31 May 2024

Significant risk to blood supply as Blood Service lab workers strike

5:35 am on 31 May 2024
NZ Blood Service

Photo: NZ Blood Service

Some heart and cancer patients are likely to miss out on surgery as New Zealand Blood Service laboratory workers strike on Friday.

The Blood Service has warned hospitals there is a significant risk to the blood supply for the King's Birthday weekend and beyond.

Many planned operations, including for cancer, have already been deferred because of the junior doctors' strike.

A letter to public hospitals from the Blood Service's chief medical officer Sarah Morley has revealed the extent of the added disruption, which was compounded by lab staff working to rule for about two weeks.

She warned even high priority planned surgeries should be deferred because they did not meet the definition of a "life-preserving service".

Only surgeries where there is less than a five percent risk that patients may need a transfusion should be carried out, she said.

Transfusions can be needed for many reasons, including if there is unexpected bleeding in an operation.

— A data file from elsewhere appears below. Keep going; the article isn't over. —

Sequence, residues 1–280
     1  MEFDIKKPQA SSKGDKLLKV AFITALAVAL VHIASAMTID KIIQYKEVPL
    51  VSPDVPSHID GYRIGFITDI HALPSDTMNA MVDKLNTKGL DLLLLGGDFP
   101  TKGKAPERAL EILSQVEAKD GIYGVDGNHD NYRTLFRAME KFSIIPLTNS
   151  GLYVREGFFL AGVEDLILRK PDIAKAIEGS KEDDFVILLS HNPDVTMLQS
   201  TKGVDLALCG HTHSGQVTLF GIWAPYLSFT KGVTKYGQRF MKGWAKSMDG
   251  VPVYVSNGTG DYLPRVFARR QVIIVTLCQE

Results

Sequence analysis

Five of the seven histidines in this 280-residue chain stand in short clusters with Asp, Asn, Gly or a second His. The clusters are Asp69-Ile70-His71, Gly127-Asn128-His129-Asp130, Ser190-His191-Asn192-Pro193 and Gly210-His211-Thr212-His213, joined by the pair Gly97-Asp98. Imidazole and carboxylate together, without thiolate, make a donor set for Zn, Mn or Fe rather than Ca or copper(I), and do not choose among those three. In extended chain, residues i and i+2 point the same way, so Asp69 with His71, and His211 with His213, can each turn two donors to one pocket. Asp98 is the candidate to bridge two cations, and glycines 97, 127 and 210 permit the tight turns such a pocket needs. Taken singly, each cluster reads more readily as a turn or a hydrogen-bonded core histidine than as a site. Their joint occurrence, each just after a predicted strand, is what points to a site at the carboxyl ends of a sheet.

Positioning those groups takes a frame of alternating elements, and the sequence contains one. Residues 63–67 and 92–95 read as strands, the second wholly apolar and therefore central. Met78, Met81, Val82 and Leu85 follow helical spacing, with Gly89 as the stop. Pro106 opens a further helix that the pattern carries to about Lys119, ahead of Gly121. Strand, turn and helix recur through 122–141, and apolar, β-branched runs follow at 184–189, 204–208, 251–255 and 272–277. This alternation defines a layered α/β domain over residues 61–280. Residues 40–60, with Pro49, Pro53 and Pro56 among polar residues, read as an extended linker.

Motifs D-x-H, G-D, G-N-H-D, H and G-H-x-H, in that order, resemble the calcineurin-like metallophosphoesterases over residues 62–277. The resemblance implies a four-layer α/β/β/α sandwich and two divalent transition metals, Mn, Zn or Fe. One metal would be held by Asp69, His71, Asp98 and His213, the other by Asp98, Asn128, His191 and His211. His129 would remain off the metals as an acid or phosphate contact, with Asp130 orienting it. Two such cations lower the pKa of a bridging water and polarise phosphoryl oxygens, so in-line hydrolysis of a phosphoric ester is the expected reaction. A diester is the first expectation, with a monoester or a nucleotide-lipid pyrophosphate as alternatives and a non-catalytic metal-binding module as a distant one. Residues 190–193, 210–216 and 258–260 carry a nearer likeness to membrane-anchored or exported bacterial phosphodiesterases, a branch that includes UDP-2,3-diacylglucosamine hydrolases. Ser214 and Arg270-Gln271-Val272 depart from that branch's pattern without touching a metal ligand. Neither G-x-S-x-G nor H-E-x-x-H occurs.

An internal memo to staff at the Mercy Ascot private hospitals group said the Blood Service did not consider cancers and cardiac operations in private hospitals to be a life-preserving service.

The Blood Service provides blood to Auckland City, Waikato, Palmerston North, Wellington, Christchurch and Dunedin Hospitals as well as many private and smaller hospitals.

Stem cell transplants - used to treat blood cancers - should be delayed unless the process had already started, it said in a memo to hospitals..

Blood would still be provided for emergency operations, it said.

Meanwhile, Te Whatu Ora has revealed more details about disruption from last week's two-day junior doctors' strike.

It said some cancer surgeries had been deferred but those that where it was too risky to wait were still going ahead.

There were 115 theatre sessions and 30 other procedure sessions (for example, for endoscopies) called off nationally.

Each session would have several procedures scheduled, meaning hundreds of patients had operations deferred.

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